The recent Centers for Disease Control and Prevention (CDC) report on sexually transmitted diseases (STDs) for 2016 showed increased incidence for the third consecutive year. National totals included 1.59 million cases of chlamydia (4.7% increase), 468,514 cases of gonorrhea (18.5% increase), and 27,814 cases of primary and secondary syphilis (17.6% increase), with an alarming 27.6% rate increase in congenital syphilis cases. The dramatic rise of these diseases is a cue for clinicians to better understand patient sexual practices and preferences. As trainees, now is the time to hone sexual history–taking skills.
Sexual health extends well beyond infections. The World Health Organization defines sexual health as "a state of physical, emotional, mental and social well-being in relation to sexuality; it is not merely the absence of disease, dysfunction or infirmity. Sexual health requires a positive and respectful approach to sexuality and sexual relationships, as well as the possibility of having pleasurable and safe sexual experiences, free of coercion, discrimination and violence."
Beyond preventing and treating infection, sexual histories are crucial for patients with concerns related to fertility and contraception, gender expression, sexual violence, medication side effects, postmenopausal health, or even erectile dysfunction, which may hint at cardiovascular or endocrine disease. These are important discussions but they can be difficult to initiate.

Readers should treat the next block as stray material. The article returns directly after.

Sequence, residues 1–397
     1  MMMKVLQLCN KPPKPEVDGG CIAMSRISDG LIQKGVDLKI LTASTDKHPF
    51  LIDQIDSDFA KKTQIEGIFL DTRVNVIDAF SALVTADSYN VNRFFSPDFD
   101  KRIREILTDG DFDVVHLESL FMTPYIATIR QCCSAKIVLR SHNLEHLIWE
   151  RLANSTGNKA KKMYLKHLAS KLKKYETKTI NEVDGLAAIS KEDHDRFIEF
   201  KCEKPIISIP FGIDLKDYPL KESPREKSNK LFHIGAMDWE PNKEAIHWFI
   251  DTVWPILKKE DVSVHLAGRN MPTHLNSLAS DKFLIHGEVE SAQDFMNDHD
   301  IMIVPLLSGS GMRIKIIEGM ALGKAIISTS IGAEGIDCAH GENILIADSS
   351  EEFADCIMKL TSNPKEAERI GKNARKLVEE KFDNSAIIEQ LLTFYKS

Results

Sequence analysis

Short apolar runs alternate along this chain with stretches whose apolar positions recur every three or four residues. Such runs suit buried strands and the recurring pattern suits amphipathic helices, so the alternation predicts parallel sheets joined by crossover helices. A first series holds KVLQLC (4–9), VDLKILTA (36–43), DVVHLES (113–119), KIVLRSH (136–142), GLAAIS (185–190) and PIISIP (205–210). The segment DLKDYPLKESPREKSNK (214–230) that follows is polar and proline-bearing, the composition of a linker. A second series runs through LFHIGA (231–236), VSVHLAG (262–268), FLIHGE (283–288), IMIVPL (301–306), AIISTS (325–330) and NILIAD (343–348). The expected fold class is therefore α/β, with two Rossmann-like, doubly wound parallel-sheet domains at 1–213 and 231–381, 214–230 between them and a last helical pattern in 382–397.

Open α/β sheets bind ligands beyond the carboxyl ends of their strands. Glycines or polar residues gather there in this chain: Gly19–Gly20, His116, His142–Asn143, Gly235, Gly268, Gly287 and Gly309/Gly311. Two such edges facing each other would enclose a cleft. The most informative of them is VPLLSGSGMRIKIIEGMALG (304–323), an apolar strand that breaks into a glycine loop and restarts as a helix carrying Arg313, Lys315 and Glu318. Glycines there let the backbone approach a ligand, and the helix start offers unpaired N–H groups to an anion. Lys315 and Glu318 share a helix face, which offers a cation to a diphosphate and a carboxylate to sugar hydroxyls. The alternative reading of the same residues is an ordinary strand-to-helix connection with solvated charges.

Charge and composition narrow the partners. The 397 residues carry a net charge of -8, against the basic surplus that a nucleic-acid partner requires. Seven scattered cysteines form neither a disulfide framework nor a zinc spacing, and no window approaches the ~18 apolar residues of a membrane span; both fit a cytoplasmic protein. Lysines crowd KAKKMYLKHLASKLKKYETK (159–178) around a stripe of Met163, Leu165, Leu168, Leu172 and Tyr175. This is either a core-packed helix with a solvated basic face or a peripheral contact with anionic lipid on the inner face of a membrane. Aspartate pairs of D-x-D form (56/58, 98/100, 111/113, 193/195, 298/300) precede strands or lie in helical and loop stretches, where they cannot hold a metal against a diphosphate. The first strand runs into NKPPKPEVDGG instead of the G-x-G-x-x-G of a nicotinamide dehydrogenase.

How do you get a thorough sexual history from someone who is potentially very different from you or who has their own ideas of what is actually relevant to their health? What assumptions do doctors and patients bring into the exam room? These questions surface during residency but can continue or resurface well into clinical careers.
The basic goal of a sexual history is the same as for any other history: to understand a patient's health and clarify a differential. Its use varies from specialty to specialty. The use of a sexual history to a gynecologist or urologist is obvious. In primary care, taking a sexual history can spin into counseling and screening for STDs or discussions about pre-exposure prophylaxis (PrEP) eligibility. Meanwhile, an emergency medicine resident needs to take a sexual history in the setting of patient with pain suspicious for pelvic inflammatory disease or an ectopic pregnancy, for example. A dermatology resident may ask about sex if secondary syphilis is included in the differential diagnoses for a suspicious rash.
Regardless of specialty, virtually every physician will need to discuss sex with a patient at some point. The more you practice during training and residency, the stronger your skills will be when you need to use them. The following are best practices and suggestions.
Everyone develops their own style for talking about sex with patients. That said, a few basic principles should be remembered. Never assume anything. Always remain nonpunitive, nonjudgmental, and noncoercive. If, at any point, someone tells you that they do not want to discuss something, respect their boundaries. Likewise, note your own areas of discomfort and monitor your reactions.
The period of time covered within a patient’s "history" is not definitive, but a general rule of thumb is to ask about the past 12 months. Some providers ask patients about the past 3 or 6 months, or simply about what's happened since the patient was last in the office.
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Cite this: Let's Talk About Sex: Tips for How to Take a Sexual History - Medscape - Jan 11, 2018.